July 3 (Bloomberg) -- China’s interest-rate swaps rose on signs growth in Asia’s largest economy is recovering.
The services Purchasing Managers’ Index for the nation climbed to 53.1 in June, the highest since March 2013, while the composite PMI rose to 52.4 from 50.2 in May, data released by HSBC Holdings Plc and Markit Economics showed today. The official non-manufacturing PMI was 55.0 in June, above the dividing line between expansion and contraction at 50. China is likely to maintain a growth rate of about 7.5 percent this year, Bank of Communications Co. said in a report.
The cost of one-year interest-rate swaps, the fixed payment needed to receive the floating seven-day repurchase rate, climbed three basis points, or 0.03 percentage point, to 3.74 percent as of 4:02 p.m. in Shanghai, according to data compiled by Bloomberg. It touched 3.78 percent on July 1, the highest since May 20.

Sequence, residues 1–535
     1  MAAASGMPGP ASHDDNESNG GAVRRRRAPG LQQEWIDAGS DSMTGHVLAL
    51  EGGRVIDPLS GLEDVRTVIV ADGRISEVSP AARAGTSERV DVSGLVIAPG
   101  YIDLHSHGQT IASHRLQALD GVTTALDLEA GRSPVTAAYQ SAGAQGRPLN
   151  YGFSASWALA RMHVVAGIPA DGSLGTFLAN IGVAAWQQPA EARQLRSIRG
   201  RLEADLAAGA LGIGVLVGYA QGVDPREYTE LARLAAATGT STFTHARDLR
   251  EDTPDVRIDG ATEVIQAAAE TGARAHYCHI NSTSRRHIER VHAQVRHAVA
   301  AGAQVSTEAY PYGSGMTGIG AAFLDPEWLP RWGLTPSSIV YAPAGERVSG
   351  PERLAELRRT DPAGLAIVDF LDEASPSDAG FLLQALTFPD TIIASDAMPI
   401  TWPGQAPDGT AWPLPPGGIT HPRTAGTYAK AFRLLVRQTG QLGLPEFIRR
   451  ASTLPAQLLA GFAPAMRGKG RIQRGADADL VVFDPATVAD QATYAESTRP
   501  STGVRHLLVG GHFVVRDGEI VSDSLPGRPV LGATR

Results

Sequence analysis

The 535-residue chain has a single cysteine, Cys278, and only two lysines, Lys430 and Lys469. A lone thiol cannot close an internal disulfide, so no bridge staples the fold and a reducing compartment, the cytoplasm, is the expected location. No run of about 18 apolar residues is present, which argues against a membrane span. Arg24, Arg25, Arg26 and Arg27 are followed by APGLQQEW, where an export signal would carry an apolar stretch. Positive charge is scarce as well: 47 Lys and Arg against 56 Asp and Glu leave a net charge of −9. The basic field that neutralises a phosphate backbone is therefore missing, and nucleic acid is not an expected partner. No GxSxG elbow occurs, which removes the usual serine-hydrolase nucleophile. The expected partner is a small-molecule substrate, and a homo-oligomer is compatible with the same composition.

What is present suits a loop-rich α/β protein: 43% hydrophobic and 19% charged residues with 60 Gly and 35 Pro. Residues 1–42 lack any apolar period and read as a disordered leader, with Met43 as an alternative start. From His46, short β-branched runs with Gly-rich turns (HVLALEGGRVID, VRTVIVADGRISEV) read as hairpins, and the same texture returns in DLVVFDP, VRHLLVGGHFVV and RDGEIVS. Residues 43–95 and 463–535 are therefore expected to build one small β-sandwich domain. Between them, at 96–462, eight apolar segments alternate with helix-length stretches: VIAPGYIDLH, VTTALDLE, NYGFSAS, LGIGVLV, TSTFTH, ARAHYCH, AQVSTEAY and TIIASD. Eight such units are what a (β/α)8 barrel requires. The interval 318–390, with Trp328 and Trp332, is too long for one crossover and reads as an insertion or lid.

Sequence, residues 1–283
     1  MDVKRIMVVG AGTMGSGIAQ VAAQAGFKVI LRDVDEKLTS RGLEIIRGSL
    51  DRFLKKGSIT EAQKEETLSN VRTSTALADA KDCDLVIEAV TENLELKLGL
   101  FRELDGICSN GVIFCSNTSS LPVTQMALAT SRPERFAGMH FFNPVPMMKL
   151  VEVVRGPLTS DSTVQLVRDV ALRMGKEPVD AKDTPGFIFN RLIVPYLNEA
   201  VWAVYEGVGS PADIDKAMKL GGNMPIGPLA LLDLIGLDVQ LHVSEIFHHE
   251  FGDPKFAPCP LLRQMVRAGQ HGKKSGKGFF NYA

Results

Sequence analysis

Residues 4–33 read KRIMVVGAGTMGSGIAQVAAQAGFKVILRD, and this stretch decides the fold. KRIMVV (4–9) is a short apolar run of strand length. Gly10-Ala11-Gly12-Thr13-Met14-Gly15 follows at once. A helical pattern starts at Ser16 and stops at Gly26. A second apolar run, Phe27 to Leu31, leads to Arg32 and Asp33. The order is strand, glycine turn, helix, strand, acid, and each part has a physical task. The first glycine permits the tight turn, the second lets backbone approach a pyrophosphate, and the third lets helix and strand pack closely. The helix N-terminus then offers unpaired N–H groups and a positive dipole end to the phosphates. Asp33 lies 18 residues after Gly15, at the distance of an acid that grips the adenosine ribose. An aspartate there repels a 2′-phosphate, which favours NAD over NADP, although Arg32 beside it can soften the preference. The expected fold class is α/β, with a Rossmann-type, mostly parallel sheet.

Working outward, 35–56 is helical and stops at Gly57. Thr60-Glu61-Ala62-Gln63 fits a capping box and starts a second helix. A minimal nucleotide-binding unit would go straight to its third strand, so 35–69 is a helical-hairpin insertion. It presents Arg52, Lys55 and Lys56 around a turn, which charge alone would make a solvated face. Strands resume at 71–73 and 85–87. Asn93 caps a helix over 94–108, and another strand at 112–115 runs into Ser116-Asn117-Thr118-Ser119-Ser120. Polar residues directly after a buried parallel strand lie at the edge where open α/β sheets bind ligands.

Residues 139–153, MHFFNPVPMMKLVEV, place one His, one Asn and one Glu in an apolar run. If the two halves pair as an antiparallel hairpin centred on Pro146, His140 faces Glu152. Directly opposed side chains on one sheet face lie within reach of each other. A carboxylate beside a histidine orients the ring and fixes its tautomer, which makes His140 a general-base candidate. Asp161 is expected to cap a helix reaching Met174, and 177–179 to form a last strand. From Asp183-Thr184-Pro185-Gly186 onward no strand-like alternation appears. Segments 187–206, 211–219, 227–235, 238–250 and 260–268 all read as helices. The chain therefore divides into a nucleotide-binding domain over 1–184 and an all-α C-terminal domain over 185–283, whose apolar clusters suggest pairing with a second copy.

“As growth recovers, liquidity in the second half won’t be as loose as in the first,” said Huang Hai, Beijing-based deputy head of the research department at SDIC CGOG Futures Co., a unit of State Development & Investment Corp. “Its natural for interest rates to climb a bit in coming months.”
The People’s Bank of China sold 10 billion yuan ($1.6 billion) of 28-day repurchase agreements today at 4 percent, according to a statement on the website. That takes the net injection over four days to 55 billion yuan, the eighth consecutive week of addition.
The seven-day repo rate, a gauge of interbank funding availability, slid 50 basis points to 3.42 percent, according to a weighted average from the National Interbank Funding Center. It fell 54 basis points yesterday, after banks met cash requirements to meet reserves payments due July 7.
The yield on the government’s 4 percent bonds due June 2024 was unchanged at 4.20 percent, according to data from the National Interbank Funding Center.
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